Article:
Teaching Machines to Teach Themselves Certificate in Machine Learning Graduate Discovers His Passion
Teaching Machines to Teach Themselves Certificate in Machine Learning Graduate Discovers His Passion

Elliott Stepusin

Coming out of graduate school, Elliott Stepusin was able to land a job in data science — a field everyone is talking about these days. But it just wasn’t the right fit.

“I was working with data for a school district, using Excel and other basic tools, but it wasn’t the job I wanted,” Elliott said. “The fun part of grad school for me was the math, the programming and problem solving.”

While doing some research, he found there was a discipline that better matched what he was looking for: machine learning. It’s based on the idea that today’s powerful computers can use sophisticated algorithms to continually refine how they analyze large data sets. To learn as they go, so to speak, in the same way that humans do.

“Machine learning is the term for how computers can discover patterns in data in order to learn more about a specific process or predict on that process in the future,” Elliott explained. “Our society has a wealth of data and information, and we can leverage that information to improve the current processes around us and create new, unique solutions to problems.”

To make the transition to this field, Elliott knew it would require more specialized training. The Certificate in Machine Learning offered exactly what he needed.

Soaring Job Growth

Professionals with machine learning expertise are in huge demand. A recent search for "machine learning" on LinkedIn turned up more than 15,000 jobs in the United States, more than many other data-related positions.

Because the demand is so great, and the skills so specialized, compensation in the field is high. Job listings for machine learning on Indeed.com list a salary range of $80,000 to $130,000, depending on experience. Studies by the U.S. Bureau of Labor Statistics indicate the job market is growing fast. These studies also show the median salary of computer and information research scientists, roles related to machine learning, was $111,840 in 2016.

For Elliott, though, the appeal of machine learning goes beyond the job market or money.

“I’m sure the salary is a big draw for many people, but that’s not what attracted me,” he said. “I really wanted to find something that was fascinating to me, something I could do for the rest of my life.”

Bridging the Resume Gap

Breaking into machine learning would not be an easy task, Elliott realized. His background and work experience didn’t match what employers were looking for.  

“I have a Ph.D. in biomedical engineering, which seems way out of left field,” he explained. “I needed to get something on my resume that would bridge that gap, and I also needed to acquire some practical knowledge.”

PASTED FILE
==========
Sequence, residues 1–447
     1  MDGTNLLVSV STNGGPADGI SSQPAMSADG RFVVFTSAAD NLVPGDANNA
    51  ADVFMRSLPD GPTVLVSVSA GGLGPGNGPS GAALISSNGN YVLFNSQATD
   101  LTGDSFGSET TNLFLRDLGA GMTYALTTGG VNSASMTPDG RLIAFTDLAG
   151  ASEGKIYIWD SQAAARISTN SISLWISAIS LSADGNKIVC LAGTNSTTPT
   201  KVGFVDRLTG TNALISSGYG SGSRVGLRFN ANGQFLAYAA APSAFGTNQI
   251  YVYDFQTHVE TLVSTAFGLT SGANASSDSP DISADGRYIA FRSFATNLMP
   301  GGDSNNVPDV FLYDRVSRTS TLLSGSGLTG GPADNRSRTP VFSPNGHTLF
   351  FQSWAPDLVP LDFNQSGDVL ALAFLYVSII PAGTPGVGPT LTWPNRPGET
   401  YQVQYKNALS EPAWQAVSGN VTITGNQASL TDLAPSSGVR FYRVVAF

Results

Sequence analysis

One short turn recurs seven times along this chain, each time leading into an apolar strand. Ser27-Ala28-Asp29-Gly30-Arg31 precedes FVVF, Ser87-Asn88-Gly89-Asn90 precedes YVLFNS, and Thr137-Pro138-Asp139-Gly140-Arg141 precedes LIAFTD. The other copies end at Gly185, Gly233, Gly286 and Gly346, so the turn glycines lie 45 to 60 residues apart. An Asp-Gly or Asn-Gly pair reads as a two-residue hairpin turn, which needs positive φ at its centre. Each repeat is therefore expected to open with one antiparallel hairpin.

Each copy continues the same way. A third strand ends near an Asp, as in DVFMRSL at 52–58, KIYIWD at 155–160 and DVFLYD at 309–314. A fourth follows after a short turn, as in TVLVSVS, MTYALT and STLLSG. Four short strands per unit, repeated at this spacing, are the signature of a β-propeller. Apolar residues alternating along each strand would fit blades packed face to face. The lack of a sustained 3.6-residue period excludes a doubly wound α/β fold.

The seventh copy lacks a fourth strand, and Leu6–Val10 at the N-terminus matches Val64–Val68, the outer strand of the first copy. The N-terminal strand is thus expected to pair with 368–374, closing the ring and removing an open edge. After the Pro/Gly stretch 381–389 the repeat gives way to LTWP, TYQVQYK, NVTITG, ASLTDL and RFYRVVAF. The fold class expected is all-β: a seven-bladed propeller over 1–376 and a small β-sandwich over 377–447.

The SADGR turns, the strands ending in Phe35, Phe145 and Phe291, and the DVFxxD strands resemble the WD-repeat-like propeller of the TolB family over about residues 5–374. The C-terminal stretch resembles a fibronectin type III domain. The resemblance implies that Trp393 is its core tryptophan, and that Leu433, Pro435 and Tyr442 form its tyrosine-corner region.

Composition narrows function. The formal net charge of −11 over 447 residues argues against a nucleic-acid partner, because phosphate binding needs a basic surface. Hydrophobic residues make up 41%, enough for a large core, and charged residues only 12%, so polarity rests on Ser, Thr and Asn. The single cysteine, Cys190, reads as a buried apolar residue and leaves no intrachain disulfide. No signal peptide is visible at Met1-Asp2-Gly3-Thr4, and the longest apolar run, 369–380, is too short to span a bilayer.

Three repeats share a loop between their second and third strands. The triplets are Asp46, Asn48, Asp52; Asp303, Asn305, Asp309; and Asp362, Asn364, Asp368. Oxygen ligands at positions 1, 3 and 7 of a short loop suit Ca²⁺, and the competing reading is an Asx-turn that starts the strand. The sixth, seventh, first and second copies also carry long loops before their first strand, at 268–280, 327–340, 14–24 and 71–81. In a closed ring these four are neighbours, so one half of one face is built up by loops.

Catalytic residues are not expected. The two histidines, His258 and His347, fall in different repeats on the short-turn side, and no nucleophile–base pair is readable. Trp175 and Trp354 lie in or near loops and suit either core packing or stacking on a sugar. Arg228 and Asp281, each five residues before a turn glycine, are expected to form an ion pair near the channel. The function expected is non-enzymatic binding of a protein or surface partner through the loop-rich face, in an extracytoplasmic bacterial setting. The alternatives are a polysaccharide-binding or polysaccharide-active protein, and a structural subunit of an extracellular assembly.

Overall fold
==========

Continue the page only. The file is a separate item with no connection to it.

He decided getting another degree was not an option (“I’m definitely done with that level of education”), but a certificate program would provide the practical learning — and respected credential — he was after.

“The certificate was something of substance to put on my resume,” Elliott said. “I think that’s definitely important. A certificate program really facilitates everything you need to do, in terms of positioning yourself in the marketplace.”

I liked that the teachers were in the industry. I think the years of experience that they have, the very diverse backgrounds and job experiences, was really important.

Elliott Stepusin

Choosing the UW

After looking at a few other programs, including those at Stanford and Harvard, he decided on the UW certificate program.

“I liked that the teachers were in the industry,” Elliott said. “It's great to learn theory, but at the end of the day, what actually gets done on a daily basis is more important. I think the years of experience that they have, the very diverse backgrounds and job experiences, was really important.”

He also benefited from the online format of the program.

“Offering a program online is great,” he said. “I really like the utility of being able to do the program anytime. And since I live in Chicago, I couldn’t do it in the classroom.”

Elliott considered doing a boot camp program, but he felt that the UW certificate offered greater depth.

“I like that the certificate program included three classes,” he noted. “Some of the other ones are shorter, but I actually prefer that it was nine months, because I thought it gave a little more validity to it.”

Accelerating His Career Path

It didn’t take long for Elliott’s experience in the Certificate in Machine Learning to pay off. In fact, he hadn’t even finished his first course when he hit pay dirt.

“I actually applied to Crowe Horwath, the company I work for now, right out of graduate school,” he recalled. “I talked to the recruiter and he said, ‘We're looking for someone with more machine learning knowledge — maybe two years from now you could come back and apply.’ After I started the program, I reached out to him, and he set up an interview.

“There were a lot of technical machine learning questions in the interview, but all those things had already been covered in the class, which was nice. They pretty much offered me a job on the spot. I think I was two-thirds through the first course of the program at that point.”

Even though he had the job he wanted, Elliott decided to finish the certificate, graduating in 2017. He finds that what he learned continues to help him at his job today.

“The types of things you do in class during the certificate program, those are the exact kinds of things I do at work now,” he said. “We have machine learning conversations and debates where I can use what I learned from my instructors and participate in a meaningful way.”


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